Winning doesn't come easy, especially in the financial arena. But there's a game plan you can follow to come out ahead. Your Commonsense Guide to Personal Financial Planning: Learn How to Budget, Protect and Save Your Money (Oliver-Nelson Books; $9.99) is the latest book from certified financial planner Charles Ross, host of the nationally syndicated radio show, "Your Personal Finance." Ross covers the gamut of pocketbook issues from purchasing a car to buying stocks and paying for college. A spate of worksheets and charts help the reader create a monthly budget, determine adequate life insurance coverage and calculate mortgage payments.


Investments with a conscience distinguish the mutual funds linked with the Calvert Group in Bethesda, MD. With $4.6 billion in assets under management, Calvert is the nation's largest socially responsible asset management firm.

Socially responsible funds, such as the Calvert-Ariel Appreciation Fund (run by Chicago's Ariel Capital Management), tend to avoid firms that invest in South Africa, make weapons or harm the environment

But Calvert is taking social investing to another level: the political front. Now, whenever shareholders receive their semiannual reports, they'll also get a postcard pre-addressed to the White House and Congress. This way, they can voice their opinions - a highly unusual initiative for a mutual fund.

The postcard campaign is part of an evolving strategy of "stakeholder activism," explains Calvert Social investment Fund chairman Wayne Silby. "We believe that business is accountable to the community, the environment, employees, vendors, customers and shareholders. This group represents stakeholders."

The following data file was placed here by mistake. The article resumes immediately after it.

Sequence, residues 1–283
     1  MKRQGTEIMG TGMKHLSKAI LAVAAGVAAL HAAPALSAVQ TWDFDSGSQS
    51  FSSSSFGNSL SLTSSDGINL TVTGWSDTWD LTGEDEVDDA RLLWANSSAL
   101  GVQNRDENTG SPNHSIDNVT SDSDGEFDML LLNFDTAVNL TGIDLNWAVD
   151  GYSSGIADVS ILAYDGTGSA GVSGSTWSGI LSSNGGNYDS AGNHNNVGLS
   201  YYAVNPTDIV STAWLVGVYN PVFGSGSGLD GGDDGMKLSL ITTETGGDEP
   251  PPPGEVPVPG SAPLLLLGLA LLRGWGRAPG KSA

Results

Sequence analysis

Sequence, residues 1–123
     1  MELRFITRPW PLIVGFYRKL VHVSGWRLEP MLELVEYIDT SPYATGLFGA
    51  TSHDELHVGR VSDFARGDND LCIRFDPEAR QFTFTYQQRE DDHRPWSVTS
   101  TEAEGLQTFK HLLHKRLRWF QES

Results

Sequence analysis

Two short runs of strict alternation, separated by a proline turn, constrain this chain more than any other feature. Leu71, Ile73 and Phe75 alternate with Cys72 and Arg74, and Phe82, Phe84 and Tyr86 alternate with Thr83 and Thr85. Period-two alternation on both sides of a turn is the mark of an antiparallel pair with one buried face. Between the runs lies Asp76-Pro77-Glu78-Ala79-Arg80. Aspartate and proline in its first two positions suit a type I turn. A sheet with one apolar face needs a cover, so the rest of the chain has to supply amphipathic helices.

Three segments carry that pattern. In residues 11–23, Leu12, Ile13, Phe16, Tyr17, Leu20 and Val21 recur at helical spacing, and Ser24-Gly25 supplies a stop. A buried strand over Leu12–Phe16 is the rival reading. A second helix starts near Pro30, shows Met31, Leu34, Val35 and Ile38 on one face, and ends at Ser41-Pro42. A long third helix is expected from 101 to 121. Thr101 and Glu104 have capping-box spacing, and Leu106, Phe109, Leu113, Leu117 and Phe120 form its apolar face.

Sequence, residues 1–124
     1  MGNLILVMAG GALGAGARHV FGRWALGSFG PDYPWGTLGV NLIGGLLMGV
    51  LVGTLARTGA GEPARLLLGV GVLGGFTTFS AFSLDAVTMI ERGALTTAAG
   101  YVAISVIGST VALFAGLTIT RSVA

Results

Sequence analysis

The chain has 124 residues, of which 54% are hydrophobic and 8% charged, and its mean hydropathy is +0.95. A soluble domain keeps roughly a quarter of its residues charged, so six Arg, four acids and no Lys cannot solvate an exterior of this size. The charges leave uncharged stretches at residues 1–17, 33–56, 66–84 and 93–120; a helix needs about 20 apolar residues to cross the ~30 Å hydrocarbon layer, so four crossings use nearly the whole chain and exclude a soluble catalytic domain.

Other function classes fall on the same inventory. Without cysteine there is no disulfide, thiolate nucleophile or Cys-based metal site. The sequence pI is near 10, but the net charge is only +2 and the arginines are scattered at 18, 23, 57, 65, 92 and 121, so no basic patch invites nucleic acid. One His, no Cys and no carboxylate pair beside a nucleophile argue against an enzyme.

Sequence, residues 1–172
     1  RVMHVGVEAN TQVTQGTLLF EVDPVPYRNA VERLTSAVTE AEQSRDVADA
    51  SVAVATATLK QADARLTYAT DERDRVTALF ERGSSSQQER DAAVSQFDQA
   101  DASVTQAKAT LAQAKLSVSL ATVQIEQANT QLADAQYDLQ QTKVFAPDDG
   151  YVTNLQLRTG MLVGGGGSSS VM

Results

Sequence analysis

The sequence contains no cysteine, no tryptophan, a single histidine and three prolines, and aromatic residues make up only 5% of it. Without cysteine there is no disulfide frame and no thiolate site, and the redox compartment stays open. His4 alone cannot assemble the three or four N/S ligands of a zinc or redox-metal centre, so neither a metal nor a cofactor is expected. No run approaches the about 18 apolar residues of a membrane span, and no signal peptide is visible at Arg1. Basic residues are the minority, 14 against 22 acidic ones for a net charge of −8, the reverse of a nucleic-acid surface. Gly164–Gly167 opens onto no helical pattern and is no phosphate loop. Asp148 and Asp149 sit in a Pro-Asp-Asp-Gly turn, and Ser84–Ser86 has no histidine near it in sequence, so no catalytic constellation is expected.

To find out more about the Calvert Group funds and programs, call 800-368-2748.




Small business owners have wined, dined and otherwise entertained clients and prospects. But such practices may be on the way out. That's because the new tax law cuts write-offs for meals and entertainment by 30%. Now, for instance, instead of deducting $400 from a $500 tab, you can deduct only $250.

Think twice before joining a country club to raise golf clubs and rub elbows with business leaders. Deductions for club dues and other social organization fees are a thing of the past, too.

And unless your spouse and kids work for you, you'll have to pay out of pocket for tag-along family members on business trips.

"All of this is going to have a major effect on the way many people do business," says Catherine Taylor, tax attorney with IDS Financial Services in Minneapolis.

Whether you're a company CEO or marketing sales rep, every professional needs to review his or her company's policy when it comes to footing the bill for travel and entertainment expenses," advises Taylor.


at the end of that wedding aisle.... In 10 states, Arbor National Mortgage (576-357-7400) has a registry for the soon-to-be-betrothed. Rether than shower newlyweds with the usual china, silver and other gifts, you can contribute toward a down payment on a home. (Contributions up to 5% of the purchase price go into a Chase money-market account for at least six months.)


Even though you want objective financial advice, you may not want to pay $150 an hour for it. A new service, Money Minds, Glenview, Ill., has a group of certified financial planners and certified public accountants on-call six days a week to field questions from individuals and small-business owners.

Money Minds has no ties or affiliations with other financial organizations. Nor is any member allowed to sell investment products. But there's a price to pay. To be exact: $3.95 per minute - but the first is free. You'll be glad to know that complicated questions requiring off-the-phone research is off the clock. And callers are billed only for the time it takes to answer questions.

To access Money Minds, call 800-275-2272 (charges will be applied to your credit card).
COPYRIGHT 1993 Earl G. Graves Publishing Co., Inc.
No portion of this article can be reproduced without the express written permission from the copyright holder.
Copyright 1993, Gale Group. All rights reserved. Gale Group is a Thomson Corporation Company.

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Author:Henricks, Mark
Publication:Black Enterprise
Date:Nov 1, 1993